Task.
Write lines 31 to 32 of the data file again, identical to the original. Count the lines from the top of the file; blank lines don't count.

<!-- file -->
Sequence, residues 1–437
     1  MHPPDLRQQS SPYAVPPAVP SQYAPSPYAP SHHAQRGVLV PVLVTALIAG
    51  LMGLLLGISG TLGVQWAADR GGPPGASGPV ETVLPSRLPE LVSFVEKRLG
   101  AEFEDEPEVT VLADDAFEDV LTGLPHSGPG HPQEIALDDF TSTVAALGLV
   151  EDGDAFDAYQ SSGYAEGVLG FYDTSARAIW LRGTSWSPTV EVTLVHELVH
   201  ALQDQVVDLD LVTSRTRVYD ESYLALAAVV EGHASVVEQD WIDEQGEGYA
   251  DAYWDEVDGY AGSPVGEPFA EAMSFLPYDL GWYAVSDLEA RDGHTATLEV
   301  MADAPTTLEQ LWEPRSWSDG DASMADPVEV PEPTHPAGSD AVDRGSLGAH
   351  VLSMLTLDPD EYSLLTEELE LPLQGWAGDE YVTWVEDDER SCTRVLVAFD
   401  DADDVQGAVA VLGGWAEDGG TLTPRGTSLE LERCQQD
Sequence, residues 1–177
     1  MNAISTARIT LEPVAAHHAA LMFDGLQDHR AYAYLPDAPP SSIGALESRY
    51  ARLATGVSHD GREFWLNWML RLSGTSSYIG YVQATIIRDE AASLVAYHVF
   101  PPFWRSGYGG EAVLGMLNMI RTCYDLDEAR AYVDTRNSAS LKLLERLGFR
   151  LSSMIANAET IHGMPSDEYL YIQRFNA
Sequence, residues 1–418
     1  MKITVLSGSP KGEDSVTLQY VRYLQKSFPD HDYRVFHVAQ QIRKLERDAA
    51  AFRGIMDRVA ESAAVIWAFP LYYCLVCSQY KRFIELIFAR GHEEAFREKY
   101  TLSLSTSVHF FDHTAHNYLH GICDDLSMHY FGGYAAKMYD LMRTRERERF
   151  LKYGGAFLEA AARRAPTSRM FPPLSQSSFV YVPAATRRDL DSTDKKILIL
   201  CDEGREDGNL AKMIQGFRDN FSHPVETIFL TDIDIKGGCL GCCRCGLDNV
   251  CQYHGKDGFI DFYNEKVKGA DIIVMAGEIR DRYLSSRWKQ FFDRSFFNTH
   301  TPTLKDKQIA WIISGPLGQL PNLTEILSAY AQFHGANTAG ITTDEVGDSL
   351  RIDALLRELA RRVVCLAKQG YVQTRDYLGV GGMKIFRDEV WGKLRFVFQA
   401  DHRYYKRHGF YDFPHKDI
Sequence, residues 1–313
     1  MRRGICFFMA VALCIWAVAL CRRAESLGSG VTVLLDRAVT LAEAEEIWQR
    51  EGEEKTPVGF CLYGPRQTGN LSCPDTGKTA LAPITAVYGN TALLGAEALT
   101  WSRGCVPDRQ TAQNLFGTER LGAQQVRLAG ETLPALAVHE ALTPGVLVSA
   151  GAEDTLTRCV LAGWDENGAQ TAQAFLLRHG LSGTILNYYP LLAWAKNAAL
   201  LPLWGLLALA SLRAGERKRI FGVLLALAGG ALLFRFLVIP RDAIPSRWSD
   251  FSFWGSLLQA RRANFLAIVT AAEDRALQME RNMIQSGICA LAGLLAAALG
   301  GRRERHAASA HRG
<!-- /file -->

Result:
   201  LPLWGLLALA SLRAGERKRI FGVLLALAGG ALLFRFLVIP RDAIPSRWSD
   251  FSFWGSLLQA RRANFLAIVT AAEDRALQME RNMIQSGICA LAGLLAAALG